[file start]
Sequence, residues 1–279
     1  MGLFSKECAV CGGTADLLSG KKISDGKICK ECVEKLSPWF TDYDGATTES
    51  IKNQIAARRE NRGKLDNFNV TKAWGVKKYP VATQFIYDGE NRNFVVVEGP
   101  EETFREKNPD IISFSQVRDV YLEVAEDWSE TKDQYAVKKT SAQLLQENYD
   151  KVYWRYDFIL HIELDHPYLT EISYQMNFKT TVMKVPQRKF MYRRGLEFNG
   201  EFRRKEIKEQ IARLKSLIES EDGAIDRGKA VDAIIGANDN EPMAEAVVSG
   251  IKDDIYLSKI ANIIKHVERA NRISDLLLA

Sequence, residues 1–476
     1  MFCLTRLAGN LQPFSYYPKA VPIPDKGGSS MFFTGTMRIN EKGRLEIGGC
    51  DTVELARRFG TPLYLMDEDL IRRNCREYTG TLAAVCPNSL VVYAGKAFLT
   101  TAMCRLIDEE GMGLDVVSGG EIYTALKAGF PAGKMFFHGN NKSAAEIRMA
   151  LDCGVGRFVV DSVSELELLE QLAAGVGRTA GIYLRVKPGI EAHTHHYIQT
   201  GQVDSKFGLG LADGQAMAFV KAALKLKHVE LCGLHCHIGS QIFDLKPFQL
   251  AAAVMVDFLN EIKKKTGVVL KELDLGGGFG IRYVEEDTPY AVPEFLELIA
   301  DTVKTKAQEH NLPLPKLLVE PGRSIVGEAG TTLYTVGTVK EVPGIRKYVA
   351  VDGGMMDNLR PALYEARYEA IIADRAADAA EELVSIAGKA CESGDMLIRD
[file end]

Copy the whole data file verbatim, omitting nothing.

Sequence, residues 1–279
     1  MGLFSKECAV CGGTADLLSG KKISDGKICK ECVEKLSPWF TDYDGATTES
    51  IKNQIAARRE NRGKLDNFNV TKAWGVKKYP VATQFIYDGE NRNFVVVEGP
   101  EETFREKNPD IISFSQVRDV YLEVAEDWSE TKDQYAVKKT SAQLLQENYD
   151  KVYWRYDFIL HIELDHPYLT EISYQMNFKT TVMKVPQRKF MYRRGLEFNG
   201  EFRRKEIKEQ IARLKSLIES EDGAIDRGKA VDAIIGANDN EPMAEAVVSG
   251  IKDDIYLSKI ANIIKHVERA NRISDLLLA

Sequence, residues 1–476
     1  MFCLTRLAGN LQPFSYYPKA VPIPDKGGSS MFFTGTMRIN EKGRLEIGGC
    51  DTVELARRFG TPLYLMDEDL IRRNCREYTG TLAAVCPNSL VVYAGKAFLT
   101  TAMCRLIDEE GMGLDVVSGG EIYTALKAGF PAGKMFFHGN NKSAAEIRMA
   151  LDCGVGRFVV DSVSELELLE QLAAGVGRTA GIYLRVKPGI EAHTHHYIQT
   201  GQVDSKFGLG LADGQAMAFV KAALKLKHVE LCGLHCHIGS QIFDLKPFQL
   251  AAAVMVDFLN EIKKKTGVVL KELDLGGGFG IRYVEEDTPY AVPEFLELIA
   301  DTVKTKAQEH NLPLPKLLVE PGRSIVGEAG TTLYTVGTVK EVPGIRKYVA
   351  VDGGMMDNLR PALYEARYEA IIADRAADAA EELVSIAGKA CESGDMLIRD